Despite recent progress in the development of new molecularly targeted agents, the chemotherapy regimens considered standard at the end of the last century-that is, two-drug combinations consisting of either cisplatin or carboplatin plus a third-generation agent (docetaxel, paclitaxel, gemcitabine, or vinorelbine)-remain the primary treatment option for advanced non-small cell lung cancer (NSCLC) patients. Most recently, the existing standard of care has been amended to reflect the significant survival advantage of cisplatin-pemetrexed over cisplatin- gemcitabine as first-line treatment of nonsquamous NSCLC. The addition of a biological drug (bevacizumab, cetuximab) or the use of a singleagent epidermal growth factor receptor inhibitor may further improve outcomes in selected patients. It has become increasingly clear, primarily through recent meta-analyses, that although the therapeutic equivalence of any combination of a platinum agent plus either gemcitabine, vinorelbine, docetaxel, or paclitaxel has been long accepted, each regimen has different side effects and therapeutic outcomes that allow clinicians to select the most appropriate treatment for chemotherapy- naïve patients with stage IIIB/IV NSCLC. In this review, we evaluate the available evidence and explore the role and importance of various modern chemotherapy regimens, with the aim of optimizing treatment selection and combination with biological agents. Emphasis is placed on the role of taxanes (docetaxel versus paclitaxel) in this changing landscape.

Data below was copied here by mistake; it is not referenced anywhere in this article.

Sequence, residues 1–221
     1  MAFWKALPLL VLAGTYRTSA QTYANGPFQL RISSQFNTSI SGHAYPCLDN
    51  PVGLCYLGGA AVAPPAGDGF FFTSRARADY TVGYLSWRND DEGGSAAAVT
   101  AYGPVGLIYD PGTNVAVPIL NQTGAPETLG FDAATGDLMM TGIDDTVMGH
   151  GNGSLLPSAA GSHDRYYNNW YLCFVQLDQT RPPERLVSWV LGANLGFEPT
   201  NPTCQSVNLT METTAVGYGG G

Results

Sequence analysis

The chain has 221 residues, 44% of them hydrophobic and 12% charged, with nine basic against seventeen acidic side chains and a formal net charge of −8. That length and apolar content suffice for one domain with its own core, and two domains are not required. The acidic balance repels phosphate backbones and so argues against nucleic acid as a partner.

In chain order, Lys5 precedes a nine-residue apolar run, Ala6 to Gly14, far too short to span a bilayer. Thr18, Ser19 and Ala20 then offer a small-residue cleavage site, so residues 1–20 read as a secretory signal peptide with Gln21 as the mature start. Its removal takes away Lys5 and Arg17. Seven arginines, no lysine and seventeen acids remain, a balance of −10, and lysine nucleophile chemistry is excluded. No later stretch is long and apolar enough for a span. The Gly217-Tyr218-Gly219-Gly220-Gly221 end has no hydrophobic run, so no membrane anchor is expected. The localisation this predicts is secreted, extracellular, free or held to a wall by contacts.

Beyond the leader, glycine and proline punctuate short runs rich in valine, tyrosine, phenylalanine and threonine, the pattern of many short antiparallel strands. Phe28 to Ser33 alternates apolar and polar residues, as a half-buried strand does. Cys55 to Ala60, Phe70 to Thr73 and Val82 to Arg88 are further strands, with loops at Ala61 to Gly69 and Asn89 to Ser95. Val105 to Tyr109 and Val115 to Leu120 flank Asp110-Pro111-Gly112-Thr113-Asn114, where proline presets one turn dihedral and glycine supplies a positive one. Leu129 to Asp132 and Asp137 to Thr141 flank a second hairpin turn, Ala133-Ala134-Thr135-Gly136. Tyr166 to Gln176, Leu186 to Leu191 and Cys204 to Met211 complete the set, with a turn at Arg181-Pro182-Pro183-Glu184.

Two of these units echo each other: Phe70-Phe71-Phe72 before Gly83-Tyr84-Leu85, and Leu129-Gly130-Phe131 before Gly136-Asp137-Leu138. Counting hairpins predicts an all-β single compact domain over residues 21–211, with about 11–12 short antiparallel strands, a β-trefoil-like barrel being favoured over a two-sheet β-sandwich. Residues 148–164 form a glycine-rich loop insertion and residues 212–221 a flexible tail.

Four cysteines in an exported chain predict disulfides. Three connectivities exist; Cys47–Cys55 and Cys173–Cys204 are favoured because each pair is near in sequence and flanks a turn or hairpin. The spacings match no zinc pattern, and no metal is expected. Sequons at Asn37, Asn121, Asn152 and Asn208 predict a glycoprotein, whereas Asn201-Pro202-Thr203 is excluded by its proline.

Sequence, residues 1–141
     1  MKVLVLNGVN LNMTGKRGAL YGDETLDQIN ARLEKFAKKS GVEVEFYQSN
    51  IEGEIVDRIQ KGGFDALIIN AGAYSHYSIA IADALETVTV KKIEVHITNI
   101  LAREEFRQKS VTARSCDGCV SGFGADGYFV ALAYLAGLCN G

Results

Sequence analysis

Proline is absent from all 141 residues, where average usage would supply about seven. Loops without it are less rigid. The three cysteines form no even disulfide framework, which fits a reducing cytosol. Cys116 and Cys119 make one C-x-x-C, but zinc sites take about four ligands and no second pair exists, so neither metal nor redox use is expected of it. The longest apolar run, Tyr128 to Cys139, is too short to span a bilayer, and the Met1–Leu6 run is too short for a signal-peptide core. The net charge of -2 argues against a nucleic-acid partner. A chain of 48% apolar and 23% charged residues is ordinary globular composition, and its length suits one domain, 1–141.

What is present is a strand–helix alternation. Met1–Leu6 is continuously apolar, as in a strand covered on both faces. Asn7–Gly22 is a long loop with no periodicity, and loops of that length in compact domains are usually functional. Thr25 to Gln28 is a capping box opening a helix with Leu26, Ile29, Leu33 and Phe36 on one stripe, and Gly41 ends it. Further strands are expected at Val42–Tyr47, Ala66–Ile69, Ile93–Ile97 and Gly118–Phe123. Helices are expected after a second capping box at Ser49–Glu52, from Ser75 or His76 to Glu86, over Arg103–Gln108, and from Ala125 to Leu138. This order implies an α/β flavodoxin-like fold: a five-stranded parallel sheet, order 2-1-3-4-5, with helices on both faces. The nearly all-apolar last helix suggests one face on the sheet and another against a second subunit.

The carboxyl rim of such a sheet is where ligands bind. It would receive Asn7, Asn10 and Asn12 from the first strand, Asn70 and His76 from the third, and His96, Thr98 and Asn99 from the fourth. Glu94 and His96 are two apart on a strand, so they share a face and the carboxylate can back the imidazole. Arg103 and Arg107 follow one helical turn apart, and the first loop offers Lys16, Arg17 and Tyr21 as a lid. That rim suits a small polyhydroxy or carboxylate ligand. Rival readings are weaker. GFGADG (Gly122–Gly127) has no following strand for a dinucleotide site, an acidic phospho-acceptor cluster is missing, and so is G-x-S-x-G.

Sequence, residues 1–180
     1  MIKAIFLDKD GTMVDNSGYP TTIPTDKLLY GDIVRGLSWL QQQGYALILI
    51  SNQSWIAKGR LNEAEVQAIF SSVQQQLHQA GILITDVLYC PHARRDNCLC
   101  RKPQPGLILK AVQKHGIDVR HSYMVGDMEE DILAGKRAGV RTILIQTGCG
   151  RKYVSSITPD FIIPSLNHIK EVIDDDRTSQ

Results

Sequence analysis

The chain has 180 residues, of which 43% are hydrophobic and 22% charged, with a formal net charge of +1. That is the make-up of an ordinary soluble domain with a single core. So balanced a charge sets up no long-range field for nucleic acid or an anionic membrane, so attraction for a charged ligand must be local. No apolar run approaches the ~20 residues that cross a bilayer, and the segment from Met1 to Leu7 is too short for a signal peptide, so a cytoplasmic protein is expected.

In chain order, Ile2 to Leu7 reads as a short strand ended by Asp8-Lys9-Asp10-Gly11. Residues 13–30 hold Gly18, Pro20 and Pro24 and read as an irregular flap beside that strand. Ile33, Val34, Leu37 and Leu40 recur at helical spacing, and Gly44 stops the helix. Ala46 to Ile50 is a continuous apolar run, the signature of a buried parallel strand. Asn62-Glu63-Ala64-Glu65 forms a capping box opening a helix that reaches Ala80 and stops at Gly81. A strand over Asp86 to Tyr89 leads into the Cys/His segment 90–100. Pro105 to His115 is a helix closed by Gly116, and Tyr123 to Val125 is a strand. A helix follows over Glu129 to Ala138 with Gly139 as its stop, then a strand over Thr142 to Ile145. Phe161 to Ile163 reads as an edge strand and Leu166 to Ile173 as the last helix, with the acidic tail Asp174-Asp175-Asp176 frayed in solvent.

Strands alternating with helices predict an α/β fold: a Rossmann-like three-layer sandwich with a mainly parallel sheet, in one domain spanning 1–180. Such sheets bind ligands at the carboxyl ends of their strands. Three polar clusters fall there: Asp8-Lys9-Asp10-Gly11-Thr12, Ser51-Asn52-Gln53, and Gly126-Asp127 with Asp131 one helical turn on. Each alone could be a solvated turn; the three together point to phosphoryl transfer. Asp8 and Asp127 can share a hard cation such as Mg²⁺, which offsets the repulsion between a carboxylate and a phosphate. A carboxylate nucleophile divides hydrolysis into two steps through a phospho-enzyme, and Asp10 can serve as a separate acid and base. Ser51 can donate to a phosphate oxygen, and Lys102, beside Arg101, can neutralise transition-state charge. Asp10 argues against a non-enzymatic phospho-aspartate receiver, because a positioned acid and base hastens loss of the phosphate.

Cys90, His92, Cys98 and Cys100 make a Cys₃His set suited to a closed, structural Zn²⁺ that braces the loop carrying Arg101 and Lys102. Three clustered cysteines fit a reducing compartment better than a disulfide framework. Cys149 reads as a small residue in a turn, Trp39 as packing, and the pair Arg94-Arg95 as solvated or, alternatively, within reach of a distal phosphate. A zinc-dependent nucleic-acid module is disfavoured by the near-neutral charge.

- Non-small cell lung carcinoma
- Treatment algorithm
ASJC Scopus subject areas
- Cancer Research